Irish watchdog’s review of Facebook gives EU users more privacy & data protection rights
Following a “robust review” by Ireland’s Data Protection Commissioner (DPC) millions of Facebook users in Europe, have improved privacy and data protection rights, especially in the area of facial tagging, according to documents released today by the DPC today.
But the Commission says that it will need to maintain engagement with Facebook to ensure new Facebook services to its platform comply with data protection requirements before they are released to users.
Following the DPC review Facebook have implemented for EU users;
- Tighter control over tag suggest/facial recognition
- The provision of better transparency for the user in how their data is handled,
- The provision of increased user control over settings,
- The implementation of clear retention periods for the deletion of personal data or an enhanced ability for the user to delete items,
- The enhancement of the user’s right to have ready access to their personal data and the capacity of Facebook Ireland to ensure rigorous assessment of compliance with Irish and EU data protection requirements.
Tag suggest/facial recognition
New Facebook users in the EU no longer have access to tag suggest/facial recognition. This feature scanned photographs uploaded by users for faces and automatically tagged recognised faces with users’ names. The DPC says that existing users’ templates (we presume this means Facebook’s database of recognised faces) will be deleted by October 15.
The commissioner praised Facebook’s compliance with the review process, saying that the organisation went “beyond [the office’s] initial recommendations” to comply with requests of other European Data Protection Offices’ concerns over face tagging;
“I am satisfied that the Review has demonstrated a clear and ongoing commitment on the part of FB-I [Facebook Ireland] to comply with its data protection responsibilities by way of implementation or progress towards implementation of the recommendations in the Audit Report.
I am particularly encouraged in relation to the approach it has decided to adopt on the tag suggest/facial recognition feature by in fact agreeing to go beyond our initial recommendations, in light of developments since then, in order to achieve best practice.
This feature has already been turned off for new users in the EU and templates for existing users will be deleted by 15 October, pending agreement with my Office on the most appropriate means of collecting user consent. By doing so it is sending a clear signal of its wish to demonstrate its commitment to best practice in data protection compliance”.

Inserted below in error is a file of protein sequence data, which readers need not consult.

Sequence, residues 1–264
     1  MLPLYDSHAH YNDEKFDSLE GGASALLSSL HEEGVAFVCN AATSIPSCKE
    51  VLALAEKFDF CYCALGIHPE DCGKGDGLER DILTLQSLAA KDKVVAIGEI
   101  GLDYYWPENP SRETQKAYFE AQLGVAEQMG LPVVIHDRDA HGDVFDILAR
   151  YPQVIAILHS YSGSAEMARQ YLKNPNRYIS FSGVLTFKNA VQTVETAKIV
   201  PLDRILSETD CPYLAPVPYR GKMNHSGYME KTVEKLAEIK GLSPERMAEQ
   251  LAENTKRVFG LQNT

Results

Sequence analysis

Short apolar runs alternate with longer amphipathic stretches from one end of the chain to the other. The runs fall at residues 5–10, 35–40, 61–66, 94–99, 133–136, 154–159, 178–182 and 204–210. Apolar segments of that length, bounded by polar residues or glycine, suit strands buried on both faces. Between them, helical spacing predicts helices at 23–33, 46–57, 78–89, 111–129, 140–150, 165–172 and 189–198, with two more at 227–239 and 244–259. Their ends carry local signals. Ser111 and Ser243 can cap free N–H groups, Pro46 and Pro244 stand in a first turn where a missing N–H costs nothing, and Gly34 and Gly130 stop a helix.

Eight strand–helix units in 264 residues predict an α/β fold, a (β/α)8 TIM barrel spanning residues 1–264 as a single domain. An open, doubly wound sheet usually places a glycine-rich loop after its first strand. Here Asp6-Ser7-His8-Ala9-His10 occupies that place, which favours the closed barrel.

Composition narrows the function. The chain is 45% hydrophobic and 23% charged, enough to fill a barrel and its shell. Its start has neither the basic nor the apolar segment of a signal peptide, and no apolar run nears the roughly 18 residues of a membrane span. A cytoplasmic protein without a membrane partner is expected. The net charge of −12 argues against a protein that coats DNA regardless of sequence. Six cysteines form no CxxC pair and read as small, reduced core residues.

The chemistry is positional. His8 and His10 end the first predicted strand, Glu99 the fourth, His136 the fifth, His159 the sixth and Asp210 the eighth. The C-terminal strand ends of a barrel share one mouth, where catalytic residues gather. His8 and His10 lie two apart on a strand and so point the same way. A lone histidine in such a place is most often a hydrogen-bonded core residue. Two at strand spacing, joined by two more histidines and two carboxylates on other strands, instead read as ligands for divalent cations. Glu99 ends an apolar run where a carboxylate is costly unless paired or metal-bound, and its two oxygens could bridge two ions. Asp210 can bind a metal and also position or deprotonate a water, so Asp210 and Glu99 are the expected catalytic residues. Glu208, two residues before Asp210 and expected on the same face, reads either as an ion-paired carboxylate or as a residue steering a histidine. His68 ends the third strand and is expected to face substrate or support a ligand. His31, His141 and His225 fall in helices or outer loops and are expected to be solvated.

Defending Facebook’s Philosophy
But the DPC report paints a picture of a detailed series of difficult debates between the company, and the Irish and European DPCs. The report cites an example of Facebook’s instance that users use their real name on the site.
“Facebook Ireland cooperated with the review process, while vigorously defending its point of view, particularly where our recommendations, or the views of other DPAs, challenged the general philosophy of the company. This was true, for example, in relation to the company’s insistence on maintaining its requirement that users use their real names on the network.”
Facebook still has work to do
Facebook has yet to comply with some DPC requests but it says a time line has been put in place for these to be dealt with.
- Facebook has to work to improve account deletion so that users can be assured that deleted account data is removed “beyond all doubt.”
- Facebook has to minimise the amount of personal data used for ad targeting
- Removal of social plugin impression data for EU users, and
- Better education for new users on the site.
Facebook’s responsibility to monitor users
While the report outlines Facebook’s responsibly to maintain users data securely, the Commissioner says that Facebook has a responsibility to monitor user behaviour to protect young users, but such monitoring should not be disproportionate.
“[there is a ]balance to be struck between Facebook Ireland’s duty to protect young users from sexual predators, through monitoring certain user behaviour and reporting reasonable suspicions to relevant authorities, and the need to ensure that such monitoring and reporting is proportionate to the danger of serious consequences for young victims.”
The DPC called the review a “comprehensive assessment of Facebook Ireland’s compliance with Irish Data Protection law and by extension EU law in this area,” adding, “Facebook Ireland’s delivery on its commitments in that Report was evaluated throughout the first half of 2012 and formally on-site in Facebook’s European HQ in Dublin from 2-3 May and 10-13 July 2012”
The Irish/EU review came on foot of a detailed examination of Facebook Ireland’s operations in December 2011. These changes won’t affect Facebook’s users outside of the EU.